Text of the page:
The fourth part gives a symbol for the application(s), Class 1 being intended for the welding of carbon and low alloy steels, including high strength structural and creep resistant steels. There is no alloying from this class of flux. Class 2 fluxes are for the welding of, and the surfacing with, stainless and heat resisting steels and nickel alloys. Class 3 is for use with hard surfacing weld metals, the flux providing such elements as carbon, chromium and molybdenum to the weld deposit.

The remaining three symbols are not compulsory and comprise, firstly, a number or chemical element symbol that defines what is termed in the specification as the 'metallurgical behaviour' of the three classes of flux mentioned above. Two digits then specify the pick-up or loss of silicon and manganese (in this order) to be expected when welding carbon or low alloy steels using flux Class 1, as shown in Table 5 below. Flux Classes 2 and 3 may be characterised by the use of a chemical symbol to identify the alloying element being added via the flux, eg Cr, if the flux is chromium compensating.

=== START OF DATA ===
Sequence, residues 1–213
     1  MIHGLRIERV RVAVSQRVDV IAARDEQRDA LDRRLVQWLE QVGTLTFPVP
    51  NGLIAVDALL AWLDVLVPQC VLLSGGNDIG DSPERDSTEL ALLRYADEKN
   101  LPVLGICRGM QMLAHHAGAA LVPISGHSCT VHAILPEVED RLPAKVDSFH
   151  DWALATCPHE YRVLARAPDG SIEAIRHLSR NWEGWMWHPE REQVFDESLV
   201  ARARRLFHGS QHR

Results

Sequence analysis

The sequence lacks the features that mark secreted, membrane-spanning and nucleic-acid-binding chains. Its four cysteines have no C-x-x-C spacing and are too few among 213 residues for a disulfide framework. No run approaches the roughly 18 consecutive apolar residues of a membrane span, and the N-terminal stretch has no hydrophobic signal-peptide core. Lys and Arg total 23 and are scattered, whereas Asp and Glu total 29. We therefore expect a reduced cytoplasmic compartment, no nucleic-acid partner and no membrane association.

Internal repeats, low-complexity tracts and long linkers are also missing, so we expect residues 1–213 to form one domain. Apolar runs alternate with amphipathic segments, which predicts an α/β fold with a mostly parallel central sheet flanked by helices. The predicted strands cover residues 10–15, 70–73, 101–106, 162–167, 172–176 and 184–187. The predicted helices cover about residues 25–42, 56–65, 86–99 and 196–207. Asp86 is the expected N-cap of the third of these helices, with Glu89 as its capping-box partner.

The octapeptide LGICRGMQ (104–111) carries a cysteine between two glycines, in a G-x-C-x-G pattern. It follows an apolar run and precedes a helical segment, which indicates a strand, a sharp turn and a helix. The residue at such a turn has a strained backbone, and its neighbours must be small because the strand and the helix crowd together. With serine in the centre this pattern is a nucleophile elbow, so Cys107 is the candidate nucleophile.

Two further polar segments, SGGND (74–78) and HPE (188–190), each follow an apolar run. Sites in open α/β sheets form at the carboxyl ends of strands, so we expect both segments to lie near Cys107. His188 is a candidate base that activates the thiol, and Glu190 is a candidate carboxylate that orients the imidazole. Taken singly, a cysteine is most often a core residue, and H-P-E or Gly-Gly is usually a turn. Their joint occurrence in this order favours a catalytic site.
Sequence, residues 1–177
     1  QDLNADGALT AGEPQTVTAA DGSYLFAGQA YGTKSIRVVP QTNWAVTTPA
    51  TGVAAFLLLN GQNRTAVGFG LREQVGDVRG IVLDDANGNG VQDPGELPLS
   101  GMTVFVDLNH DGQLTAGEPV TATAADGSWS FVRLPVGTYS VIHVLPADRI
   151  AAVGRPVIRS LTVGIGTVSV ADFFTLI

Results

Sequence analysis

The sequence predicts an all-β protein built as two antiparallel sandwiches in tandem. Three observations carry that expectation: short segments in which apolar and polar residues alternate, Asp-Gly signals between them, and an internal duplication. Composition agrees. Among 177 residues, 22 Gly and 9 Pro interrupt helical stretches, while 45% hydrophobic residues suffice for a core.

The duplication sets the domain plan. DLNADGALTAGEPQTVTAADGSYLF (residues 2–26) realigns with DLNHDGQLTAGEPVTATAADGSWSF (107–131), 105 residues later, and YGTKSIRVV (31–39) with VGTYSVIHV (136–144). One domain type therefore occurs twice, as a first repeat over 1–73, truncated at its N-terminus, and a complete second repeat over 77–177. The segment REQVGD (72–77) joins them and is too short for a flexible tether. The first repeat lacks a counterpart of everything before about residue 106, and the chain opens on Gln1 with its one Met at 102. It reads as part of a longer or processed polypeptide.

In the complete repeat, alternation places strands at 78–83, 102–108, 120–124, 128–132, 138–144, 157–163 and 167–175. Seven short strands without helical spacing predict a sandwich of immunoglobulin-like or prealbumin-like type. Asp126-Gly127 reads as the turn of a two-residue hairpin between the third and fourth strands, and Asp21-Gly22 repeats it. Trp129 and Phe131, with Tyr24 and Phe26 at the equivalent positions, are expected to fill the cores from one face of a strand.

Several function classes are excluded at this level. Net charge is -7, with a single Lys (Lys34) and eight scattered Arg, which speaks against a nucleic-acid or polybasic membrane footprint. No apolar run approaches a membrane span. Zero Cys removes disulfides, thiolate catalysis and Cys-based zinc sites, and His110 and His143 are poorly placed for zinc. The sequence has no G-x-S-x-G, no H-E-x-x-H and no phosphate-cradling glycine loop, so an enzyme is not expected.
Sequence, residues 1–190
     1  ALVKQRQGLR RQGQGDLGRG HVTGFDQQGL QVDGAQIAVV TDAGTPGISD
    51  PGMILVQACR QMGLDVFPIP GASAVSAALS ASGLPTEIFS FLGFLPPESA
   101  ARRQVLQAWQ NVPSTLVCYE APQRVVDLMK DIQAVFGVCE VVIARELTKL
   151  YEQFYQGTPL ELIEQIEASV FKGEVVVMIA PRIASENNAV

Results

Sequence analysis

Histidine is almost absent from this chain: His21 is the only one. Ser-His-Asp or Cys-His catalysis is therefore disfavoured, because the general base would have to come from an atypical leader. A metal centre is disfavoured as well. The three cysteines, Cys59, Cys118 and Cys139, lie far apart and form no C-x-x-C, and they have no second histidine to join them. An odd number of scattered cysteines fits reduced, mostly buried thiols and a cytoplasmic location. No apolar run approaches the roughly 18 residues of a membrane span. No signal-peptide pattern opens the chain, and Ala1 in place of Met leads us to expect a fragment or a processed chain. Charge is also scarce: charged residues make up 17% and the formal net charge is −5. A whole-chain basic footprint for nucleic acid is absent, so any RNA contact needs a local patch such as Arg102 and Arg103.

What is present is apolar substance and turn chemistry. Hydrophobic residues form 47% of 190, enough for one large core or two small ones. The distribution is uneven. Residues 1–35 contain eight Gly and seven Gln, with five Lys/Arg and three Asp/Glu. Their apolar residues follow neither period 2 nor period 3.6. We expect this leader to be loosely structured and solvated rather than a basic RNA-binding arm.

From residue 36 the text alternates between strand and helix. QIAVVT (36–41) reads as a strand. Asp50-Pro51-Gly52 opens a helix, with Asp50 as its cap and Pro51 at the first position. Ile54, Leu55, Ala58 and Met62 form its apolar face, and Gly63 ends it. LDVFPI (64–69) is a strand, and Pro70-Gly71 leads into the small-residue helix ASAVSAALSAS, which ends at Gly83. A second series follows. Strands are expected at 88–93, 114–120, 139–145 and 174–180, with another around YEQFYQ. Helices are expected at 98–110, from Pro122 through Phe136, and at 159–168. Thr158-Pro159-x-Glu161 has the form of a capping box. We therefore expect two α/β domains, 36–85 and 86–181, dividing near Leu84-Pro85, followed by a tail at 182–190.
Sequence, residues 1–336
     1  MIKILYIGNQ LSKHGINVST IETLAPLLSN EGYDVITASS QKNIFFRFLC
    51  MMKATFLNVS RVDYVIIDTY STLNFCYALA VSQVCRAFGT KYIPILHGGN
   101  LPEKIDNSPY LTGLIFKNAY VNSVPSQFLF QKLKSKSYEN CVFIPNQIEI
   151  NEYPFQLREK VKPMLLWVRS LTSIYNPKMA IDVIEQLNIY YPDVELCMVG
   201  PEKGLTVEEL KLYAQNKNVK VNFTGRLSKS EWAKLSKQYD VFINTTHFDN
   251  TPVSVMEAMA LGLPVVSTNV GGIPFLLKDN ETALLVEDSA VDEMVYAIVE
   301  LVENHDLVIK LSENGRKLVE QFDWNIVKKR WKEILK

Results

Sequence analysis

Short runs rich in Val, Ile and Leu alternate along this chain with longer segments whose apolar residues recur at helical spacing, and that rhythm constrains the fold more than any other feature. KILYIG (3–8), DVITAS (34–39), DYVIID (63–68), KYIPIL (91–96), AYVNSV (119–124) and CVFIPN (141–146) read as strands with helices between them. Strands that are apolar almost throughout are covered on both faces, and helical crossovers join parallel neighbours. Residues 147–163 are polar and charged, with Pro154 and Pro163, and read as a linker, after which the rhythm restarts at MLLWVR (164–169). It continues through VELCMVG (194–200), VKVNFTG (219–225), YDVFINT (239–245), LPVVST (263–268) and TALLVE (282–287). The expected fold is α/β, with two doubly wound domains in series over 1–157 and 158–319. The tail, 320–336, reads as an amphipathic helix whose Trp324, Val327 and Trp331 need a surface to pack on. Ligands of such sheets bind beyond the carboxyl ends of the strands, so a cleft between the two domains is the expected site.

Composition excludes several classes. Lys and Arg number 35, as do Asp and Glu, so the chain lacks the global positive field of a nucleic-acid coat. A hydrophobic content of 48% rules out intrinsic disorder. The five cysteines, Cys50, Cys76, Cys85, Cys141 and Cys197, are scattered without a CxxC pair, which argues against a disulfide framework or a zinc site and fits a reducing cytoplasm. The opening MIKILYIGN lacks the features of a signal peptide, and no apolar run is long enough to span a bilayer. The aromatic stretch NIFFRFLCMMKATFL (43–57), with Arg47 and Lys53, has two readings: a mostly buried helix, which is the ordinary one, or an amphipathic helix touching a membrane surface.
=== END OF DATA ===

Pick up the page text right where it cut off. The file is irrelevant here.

The current type is indicated by the addition of DC or AC to the symbols and finally an 'H', followed by a number, gives the weld metal hydrogen level expected from a correctly dried or baked flux eg H5.

A designation for a flux supplied in accordance with BS EN 760 may therefore be S A AF 1 55 DC H5 for an agglomerated alumina-calcium fluoride basic flux intended for the welding of carbon or low alloy steels, no pick-up or loss of silicon or manganese, used with DC welding current and with a hydrogen content of less than 5mls/100gms weld metal.

It must be remembered that the properties given by these designations are obtained from as welded, all weld metal specimens deposited using standard welding parameters of current, voltage and travel speed.

The properties achieved in a production weld may be entirely different due to the effects of dilution from the parent metal, higher or lower heat input, different wire diameters, preheat and interpass temperatures and post weld heat treatment. It is essential, therefore, that the suitability of a flux/wire combination is confirmed by procedure qualification testing.

Note also that flux/wire combinations supplied to the same specification designation by different manufacturers may not necessarily provide similar mechanical properties or weld cleanliness.

This article was written by Gene Mathers and Marcello Consonni.